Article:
Lake Macquarie council has deferred a decision on taking over Valentine Hydrotherapy Pools after being told it could cost more than $20 million to take on the aquatic centre.
The facility, which was established by the community more than 50 years ago and is run by volunteers, closed in March due to the coronavirus and has not reopened.
VHP officials approached the council last year about a potential takeover or providing financial assistance to ensure it remained open.
They had flagged a likely inability to fund overdue upgrades, including a $90,000 roof, in coming years.
The council awarded VHP a $10,000 grant last year while it undertook due diligence on the facility and the feasibility of a takeover.
Council staff presented findings from those investigations at a meeting on Monday night, recommending against taking it over.
A report prepared for the meeting said the facility "does not meet modern standards expected of a public swim centre due to its age, construction techniques used and layout".
Three of the facility's pools did also not meet the NSW Health guidelines for water treatment and "cannot be altered to meet these guidelines in their current state".
Staff said the facility needed to be replaced at a cost of between $11.2 and $14.6 million. Taking it over would also result in annual operating costs of $1.3 million.
Such costs would have to be funded by loans, staff said, and five of the council's existing six swim centres - West Wallsend, Morisset, Speers Point, Charlestown and Swansea - were already in a "relatively poor state" and overdue for upgrades.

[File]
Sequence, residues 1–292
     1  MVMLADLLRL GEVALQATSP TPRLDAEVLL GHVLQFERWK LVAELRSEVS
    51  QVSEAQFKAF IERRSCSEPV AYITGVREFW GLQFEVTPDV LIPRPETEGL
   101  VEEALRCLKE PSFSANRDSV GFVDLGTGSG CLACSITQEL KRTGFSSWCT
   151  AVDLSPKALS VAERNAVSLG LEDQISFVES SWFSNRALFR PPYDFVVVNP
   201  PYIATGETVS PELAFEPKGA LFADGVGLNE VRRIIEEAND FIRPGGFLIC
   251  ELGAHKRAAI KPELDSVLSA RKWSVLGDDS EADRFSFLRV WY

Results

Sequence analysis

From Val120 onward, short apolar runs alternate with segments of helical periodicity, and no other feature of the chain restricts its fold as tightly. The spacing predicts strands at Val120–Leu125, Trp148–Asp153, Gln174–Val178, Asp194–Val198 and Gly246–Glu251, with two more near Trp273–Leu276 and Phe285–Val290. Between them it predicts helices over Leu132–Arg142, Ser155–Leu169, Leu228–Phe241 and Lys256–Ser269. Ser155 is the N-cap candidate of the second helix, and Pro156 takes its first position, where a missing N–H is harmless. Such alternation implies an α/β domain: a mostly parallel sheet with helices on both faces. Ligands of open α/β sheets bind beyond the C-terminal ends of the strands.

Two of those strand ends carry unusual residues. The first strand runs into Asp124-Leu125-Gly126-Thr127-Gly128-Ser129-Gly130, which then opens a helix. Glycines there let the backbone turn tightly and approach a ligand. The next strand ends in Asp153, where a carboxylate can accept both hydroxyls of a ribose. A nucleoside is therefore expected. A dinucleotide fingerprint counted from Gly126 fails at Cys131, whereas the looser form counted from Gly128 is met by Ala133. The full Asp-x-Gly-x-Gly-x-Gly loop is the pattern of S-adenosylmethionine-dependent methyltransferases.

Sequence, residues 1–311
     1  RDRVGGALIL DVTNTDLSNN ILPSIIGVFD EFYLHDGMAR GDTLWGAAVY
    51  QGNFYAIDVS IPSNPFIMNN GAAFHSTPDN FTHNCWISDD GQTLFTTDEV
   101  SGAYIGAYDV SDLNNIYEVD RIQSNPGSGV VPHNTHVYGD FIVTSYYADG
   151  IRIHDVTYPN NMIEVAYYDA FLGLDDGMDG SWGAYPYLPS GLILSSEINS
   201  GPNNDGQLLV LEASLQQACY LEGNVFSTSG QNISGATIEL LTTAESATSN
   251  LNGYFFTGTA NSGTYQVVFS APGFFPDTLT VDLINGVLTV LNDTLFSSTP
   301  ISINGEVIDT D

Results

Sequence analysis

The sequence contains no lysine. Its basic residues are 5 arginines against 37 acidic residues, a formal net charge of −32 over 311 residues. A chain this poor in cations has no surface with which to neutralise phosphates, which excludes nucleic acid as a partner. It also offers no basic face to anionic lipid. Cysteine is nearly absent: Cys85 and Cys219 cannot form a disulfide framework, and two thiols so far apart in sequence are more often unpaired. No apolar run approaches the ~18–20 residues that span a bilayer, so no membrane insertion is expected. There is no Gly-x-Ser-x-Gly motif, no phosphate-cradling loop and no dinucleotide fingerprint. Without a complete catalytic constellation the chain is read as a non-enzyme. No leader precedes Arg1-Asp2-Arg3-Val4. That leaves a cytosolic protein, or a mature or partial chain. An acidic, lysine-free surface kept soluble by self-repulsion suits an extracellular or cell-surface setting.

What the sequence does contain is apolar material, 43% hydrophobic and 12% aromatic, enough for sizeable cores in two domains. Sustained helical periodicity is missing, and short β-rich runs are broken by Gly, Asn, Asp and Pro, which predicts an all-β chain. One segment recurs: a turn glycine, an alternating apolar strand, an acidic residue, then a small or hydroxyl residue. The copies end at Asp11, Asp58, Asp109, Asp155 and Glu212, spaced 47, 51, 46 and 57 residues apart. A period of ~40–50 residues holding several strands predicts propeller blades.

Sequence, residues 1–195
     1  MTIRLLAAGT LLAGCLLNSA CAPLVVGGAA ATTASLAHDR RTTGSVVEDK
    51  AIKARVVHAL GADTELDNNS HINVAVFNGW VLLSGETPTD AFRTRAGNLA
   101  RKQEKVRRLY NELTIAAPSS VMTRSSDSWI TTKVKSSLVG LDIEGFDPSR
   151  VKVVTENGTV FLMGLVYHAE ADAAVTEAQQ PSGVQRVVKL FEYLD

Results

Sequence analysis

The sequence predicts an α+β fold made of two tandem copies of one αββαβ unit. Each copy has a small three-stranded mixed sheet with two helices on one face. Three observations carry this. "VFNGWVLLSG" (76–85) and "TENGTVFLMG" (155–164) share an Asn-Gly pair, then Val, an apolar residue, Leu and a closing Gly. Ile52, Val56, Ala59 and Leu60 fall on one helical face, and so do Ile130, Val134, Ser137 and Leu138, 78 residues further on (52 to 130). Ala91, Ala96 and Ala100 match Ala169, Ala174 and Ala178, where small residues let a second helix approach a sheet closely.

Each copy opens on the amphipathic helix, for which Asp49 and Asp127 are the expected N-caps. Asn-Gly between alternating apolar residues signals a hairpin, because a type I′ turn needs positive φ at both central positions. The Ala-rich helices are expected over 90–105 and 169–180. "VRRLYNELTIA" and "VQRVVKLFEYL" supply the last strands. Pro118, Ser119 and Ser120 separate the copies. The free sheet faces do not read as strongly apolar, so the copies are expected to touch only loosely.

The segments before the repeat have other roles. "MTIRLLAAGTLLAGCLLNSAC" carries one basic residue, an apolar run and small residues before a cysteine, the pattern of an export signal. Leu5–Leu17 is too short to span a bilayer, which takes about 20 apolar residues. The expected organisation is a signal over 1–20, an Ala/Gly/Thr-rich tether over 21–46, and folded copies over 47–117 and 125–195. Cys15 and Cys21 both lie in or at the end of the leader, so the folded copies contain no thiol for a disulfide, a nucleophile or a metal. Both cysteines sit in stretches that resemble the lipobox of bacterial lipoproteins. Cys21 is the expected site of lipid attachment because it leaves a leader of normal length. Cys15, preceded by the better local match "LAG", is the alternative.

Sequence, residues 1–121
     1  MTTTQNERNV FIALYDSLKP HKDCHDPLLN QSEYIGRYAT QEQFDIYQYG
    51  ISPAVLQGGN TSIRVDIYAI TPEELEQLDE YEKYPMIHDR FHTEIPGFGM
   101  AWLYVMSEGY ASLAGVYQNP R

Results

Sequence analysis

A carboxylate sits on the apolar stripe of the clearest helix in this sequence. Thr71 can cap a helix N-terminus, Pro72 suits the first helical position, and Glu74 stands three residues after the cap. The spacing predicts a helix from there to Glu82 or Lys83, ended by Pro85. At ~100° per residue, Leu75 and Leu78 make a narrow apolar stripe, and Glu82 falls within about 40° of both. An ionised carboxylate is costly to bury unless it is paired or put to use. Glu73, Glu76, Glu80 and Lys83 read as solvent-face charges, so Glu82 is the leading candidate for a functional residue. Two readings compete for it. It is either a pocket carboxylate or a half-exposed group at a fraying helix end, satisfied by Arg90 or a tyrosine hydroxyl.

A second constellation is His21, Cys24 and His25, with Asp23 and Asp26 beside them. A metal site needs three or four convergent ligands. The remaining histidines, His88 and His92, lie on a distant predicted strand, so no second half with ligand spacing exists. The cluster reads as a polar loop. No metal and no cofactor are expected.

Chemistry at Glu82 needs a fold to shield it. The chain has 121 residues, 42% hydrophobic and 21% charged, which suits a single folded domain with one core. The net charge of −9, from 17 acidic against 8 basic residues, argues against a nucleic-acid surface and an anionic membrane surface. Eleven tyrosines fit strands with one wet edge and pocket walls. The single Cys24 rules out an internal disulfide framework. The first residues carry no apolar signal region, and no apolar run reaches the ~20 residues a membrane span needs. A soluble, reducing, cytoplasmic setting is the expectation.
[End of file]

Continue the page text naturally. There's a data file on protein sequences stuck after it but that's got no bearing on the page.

The report noted about 80 per cent of the city's population are able to access one of the existing swim centres within a 10-minute drive.
This would rise to 88 per cent if VHP was included but staff said council was already "providing adequate access to swim centres for its population" and recommended building a hydrotherapy pool at one of the existing facilities if VHP does not reopen.
Cr Adam Shultz moved an amendment to defer a decision until a site inspection of VHP and Toronto Swim Centre is undertaken. It passed as the motion 10 votes to one.
The council bought the Toronto Swim Centre in 2006, a process which Cr Shultz likened to the current situation of VHP. It also took over the Morisset facility in similar circumstances in 2003.
Cr Shultz said there was a lack of year-round access to aquatic facilities in Lake Macquarie and VHP offered "something different".
He said the Toronto centre had undergone an $8 million renovation and councillors should inspect both facilities "to see first hand" the benefits of such an investment to "objectively look at the [VHP] situation" and "make an informed decision".
He read out letters of support for keeping the facility open from a variety of parties, including community groups, businesses and the local state and federal MPs.
IN OTHER NEWS:
While you're with us, did you know the Newcastle Herald offers breaking news alerts, daily email newsletters and more? Keep up to date with all the local news - sign up here